Interest rate formation in informal credit markets in India: does level of development matter?
AbstractAccess by the poor to financial resources on favourable terms and conditions is a necessary prerequisite for achieving any developmental goal for an economy. However, in India, about 50 percent of the population are financially excluded from the formal banking network. These households avail loans from informal lenders, who generally impose unfavourable terms and conditions on the borrower. This paper, based on an in-depth analysis of National Sample Survey Organisation (59th round, All India Debt and Investment Survey, 2003) unit record data, seeks to understand the factors that influence the formation of interest rates in the developed region vis-àvis the less developed ones, as the latter are seen to experience higher rates of interest. Using an ordered logit model, our analysis shows how in the developed regions the lack of monopoly power of lenders brings down interest rate levels.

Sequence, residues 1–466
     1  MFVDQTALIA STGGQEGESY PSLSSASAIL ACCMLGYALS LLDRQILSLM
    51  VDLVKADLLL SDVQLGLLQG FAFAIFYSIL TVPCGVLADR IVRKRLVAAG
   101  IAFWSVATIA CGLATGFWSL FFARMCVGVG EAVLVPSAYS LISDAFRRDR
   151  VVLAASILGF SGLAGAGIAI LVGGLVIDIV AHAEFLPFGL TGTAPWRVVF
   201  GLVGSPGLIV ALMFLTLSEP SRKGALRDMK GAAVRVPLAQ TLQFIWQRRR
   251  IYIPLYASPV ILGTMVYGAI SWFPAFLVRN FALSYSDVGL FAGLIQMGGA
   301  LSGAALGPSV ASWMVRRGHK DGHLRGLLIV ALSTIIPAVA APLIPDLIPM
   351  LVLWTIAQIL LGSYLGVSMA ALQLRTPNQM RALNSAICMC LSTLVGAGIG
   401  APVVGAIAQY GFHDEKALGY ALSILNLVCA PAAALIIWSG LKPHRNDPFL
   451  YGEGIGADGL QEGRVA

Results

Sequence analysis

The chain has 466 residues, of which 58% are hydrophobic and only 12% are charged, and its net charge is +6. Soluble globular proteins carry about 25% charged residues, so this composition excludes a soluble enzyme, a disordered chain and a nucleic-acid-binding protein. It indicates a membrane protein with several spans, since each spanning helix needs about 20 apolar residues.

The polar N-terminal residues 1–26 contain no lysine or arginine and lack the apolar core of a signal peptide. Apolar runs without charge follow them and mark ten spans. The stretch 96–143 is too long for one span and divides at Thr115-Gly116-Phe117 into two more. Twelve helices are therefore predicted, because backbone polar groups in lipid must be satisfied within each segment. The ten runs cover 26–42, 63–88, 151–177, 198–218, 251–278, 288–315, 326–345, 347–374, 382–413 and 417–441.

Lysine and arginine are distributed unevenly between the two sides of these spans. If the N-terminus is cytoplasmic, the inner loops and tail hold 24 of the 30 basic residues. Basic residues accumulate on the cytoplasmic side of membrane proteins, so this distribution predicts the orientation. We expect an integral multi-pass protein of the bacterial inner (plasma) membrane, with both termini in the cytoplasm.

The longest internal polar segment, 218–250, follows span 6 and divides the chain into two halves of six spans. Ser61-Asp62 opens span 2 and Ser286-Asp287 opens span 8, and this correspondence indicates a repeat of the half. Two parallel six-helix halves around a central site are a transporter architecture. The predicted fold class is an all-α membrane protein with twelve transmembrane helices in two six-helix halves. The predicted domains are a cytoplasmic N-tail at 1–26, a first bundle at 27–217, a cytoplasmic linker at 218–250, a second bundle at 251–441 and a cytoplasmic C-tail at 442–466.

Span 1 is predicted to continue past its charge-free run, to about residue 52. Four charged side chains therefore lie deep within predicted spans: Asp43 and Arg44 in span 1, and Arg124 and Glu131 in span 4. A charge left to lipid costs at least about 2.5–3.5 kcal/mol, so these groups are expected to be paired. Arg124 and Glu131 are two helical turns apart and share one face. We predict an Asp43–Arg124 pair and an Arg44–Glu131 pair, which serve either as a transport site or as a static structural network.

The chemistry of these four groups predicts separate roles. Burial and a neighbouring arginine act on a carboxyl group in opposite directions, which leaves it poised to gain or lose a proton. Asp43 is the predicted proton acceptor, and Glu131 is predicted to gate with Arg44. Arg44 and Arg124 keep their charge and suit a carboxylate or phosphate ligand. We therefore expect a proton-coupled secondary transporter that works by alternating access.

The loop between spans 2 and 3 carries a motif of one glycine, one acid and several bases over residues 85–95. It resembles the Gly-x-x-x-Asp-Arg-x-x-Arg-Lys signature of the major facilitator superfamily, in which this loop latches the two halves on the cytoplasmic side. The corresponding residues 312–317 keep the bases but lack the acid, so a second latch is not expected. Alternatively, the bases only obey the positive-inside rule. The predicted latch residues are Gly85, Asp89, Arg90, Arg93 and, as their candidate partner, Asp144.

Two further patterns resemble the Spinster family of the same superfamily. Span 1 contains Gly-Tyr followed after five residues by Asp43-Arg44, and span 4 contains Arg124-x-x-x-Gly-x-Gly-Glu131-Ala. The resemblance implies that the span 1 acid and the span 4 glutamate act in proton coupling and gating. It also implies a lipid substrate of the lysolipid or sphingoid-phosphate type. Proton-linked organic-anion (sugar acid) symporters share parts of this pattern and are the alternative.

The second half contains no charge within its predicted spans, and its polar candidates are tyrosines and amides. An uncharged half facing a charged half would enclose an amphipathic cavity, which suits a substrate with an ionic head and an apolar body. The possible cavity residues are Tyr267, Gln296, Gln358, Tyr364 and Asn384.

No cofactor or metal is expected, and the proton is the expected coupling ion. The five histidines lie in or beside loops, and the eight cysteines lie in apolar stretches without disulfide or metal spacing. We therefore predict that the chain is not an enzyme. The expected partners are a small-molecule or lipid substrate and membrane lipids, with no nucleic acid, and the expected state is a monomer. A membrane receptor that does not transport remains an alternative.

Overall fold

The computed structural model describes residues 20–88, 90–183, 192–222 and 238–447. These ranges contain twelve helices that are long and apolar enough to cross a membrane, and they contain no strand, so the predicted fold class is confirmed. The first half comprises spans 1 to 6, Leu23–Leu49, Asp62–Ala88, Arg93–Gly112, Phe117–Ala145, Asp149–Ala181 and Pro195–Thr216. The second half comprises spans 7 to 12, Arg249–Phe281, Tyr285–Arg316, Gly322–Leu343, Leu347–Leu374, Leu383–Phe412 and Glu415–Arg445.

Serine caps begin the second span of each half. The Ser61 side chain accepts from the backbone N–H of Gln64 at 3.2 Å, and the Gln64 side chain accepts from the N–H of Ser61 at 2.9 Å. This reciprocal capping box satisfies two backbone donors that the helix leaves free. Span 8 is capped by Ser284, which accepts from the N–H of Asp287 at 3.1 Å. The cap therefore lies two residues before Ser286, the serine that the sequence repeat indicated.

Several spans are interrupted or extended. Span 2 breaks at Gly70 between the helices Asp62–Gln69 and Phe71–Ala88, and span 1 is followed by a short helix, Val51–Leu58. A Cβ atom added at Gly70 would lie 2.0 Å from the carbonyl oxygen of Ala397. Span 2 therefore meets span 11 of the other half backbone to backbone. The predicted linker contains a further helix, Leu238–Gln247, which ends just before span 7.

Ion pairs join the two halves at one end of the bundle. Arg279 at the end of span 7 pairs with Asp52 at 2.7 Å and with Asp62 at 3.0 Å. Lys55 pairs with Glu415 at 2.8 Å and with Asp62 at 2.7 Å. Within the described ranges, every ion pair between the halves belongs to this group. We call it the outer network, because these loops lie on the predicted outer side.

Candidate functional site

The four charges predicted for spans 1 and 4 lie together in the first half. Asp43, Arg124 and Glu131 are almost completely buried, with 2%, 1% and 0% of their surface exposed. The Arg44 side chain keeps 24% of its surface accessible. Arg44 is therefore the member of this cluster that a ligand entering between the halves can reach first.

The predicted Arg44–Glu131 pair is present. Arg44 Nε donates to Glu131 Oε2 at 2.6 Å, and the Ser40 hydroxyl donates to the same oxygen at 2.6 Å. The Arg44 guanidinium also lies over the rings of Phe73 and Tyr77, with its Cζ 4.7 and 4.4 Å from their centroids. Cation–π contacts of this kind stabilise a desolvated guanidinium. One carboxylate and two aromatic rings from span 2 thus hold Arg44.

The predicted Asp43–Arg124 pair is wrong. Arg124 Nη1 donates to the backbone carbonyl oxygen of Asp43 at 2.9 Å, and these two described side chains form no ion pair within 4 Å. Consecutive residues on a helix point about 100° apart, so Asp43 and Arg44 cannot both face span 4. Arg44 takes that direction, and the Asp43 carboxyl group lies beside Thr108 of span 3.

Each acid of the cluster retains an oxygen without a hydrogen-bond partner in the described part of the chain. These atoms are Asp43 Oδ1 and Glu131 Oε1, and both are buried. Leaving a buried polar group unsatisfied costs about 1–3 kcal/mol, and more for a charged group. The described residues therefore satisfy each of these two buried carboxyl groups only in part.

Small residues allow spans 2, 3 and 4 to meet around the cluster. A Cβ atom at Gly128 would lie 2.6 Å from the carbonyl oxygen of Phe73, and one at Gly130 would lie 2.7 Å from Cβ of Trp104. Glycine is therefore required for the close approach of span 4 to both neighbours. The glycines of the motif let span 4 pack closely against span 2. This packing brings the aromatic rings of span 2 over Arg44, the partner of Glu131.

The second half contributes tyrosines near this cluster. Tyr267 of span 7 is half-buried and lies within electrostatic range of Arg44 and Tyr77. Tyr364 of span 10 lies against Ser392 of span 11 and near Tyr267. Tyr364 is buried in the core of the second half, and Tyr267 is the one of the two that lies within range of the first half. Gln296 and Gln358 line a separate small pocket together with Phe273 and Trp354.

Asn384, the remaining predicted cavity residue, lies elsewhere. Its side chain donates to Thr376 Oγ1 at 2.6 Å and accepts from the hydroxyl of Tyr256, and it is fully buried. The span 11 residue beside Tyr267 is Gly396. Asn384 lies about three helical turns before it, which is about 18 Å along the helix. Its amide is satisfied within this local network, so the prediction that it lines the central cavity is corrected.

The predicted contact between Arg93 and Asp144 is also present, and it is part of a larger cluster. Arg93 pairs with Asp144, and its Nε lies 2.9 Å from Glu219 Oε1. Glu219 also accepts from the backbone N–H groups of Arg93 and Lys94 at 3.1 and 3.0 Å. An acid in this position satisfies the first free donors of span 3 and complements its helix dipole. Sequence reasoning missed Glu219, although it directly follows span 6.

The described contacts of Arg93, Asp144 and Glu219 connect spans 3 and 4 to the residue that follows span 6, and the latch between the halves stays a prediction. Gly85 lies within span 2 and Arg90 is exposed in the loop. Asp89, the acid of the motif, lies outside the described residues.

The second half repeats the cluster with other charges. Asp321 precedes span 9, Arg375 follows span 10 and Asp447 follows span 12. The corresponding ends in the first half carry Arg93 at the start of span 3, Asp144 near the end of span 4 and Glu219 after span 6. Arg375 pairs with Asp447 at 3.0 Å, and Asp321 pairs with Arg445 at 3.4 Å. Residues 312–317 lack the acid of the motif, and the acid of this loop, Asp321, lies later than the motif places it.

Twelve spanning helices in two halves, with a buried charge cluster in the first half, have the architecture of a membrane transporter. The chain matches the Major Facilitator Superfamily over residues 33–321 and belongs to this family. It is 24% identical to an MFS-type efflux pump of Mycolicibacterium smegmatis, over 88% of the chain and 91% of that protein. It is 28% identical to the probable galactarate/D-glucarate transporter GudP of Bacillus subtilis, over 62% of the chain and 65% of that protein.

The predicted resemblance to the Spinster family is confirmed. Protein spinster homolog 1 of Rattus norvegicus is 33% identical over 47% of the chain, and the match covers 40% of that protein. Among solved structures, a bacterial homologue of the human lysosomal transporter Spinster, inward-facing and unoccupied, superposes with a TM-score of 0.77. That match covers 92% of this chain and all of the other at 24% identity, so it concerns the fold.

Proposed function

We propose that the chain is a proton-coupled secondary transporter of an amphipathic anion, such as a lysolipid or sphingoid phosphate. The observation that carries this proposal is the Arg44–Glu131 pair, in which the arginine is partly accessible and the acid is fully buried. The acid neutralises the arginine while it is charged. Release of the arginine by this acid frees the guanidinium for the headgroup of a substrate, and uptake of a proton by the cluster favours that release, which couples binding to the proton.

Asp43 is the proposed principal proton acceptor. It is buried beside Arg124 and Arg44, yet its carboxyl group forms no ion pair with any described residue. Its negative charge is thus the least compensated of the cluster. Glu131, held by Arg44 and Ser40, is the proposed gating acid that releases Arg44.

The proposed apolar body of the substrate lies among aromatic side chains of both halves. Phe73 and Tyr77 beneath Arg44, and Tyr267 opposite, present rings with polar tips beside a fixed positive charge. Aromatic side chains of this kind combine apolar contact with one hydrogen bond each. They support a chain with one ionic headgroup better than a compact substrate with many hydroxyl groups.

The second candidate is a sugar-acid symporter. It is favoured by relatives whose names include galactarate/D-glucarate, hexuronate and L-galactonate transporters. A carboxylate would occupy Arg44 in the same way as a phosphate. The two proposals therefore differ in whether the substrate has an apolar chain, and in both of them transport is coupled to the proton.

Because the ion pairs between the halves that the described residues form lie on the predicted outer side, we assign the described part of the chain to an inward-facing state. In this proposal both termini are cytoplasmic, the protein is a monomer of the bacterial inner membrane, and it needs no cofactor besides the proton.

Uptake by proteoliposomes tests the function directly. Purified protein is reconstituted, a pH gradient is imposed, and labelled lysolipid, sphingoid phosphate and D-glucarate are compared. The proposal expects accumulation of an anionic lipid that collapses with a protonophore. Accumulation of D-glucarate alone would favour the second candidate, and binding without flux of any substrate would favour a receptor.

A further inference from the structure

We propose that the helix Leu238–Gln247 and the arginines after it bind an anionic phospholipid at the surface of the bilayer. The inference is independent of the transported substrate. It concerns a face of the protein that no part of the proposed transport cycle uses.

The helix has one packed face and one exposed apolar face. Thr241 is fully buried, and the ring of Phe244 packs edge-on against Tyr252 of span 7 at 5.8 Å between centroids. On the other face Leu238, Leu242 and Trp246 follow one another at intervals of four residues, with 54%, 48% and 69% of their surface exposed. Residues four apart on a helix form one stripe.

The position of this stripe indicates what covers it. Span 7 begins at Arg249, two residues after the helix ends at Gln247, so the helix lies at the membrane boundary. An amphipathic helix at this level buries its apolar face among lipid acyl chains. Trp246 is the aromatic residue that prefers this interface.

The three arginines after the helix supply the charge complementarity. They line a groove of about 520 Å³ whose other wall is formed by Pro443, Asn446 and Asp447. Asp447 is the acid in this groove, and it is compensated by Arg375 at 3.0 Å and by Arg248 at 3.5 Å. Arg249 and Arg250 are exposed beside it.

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Bibliographic InfoPaper provided by BWPI, The University of Manchester in its series Brooks World Poverty Institute Working Paper Series with number 12610.
Date of creation: 2010
Date of revision:
This paper has been announced in the following NEP Reports:
- NEP-ALL-2010-10-23 (All new papers)
- NEP-DEV-2010-10-23 (Development)
- NEP-MFD-2010-10-23 (Microfinance)
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- Rajeev, Meenakshi & Vani, B P & Bhattacharjee, Manojit, 2012. "Nature and Dimensions of Farmers’ Indebtedness in India," MPRA Paper 42358, University Library of Munich, Germany.
- Driouchi, Ahmed & Mertou, Amat, 2012. "High Implicit Interest Rates in the Context of Informal Traditional Housing Transactions: Evidence from Morocco," MPRA Paper 38732, University Library of Munich, Germany.
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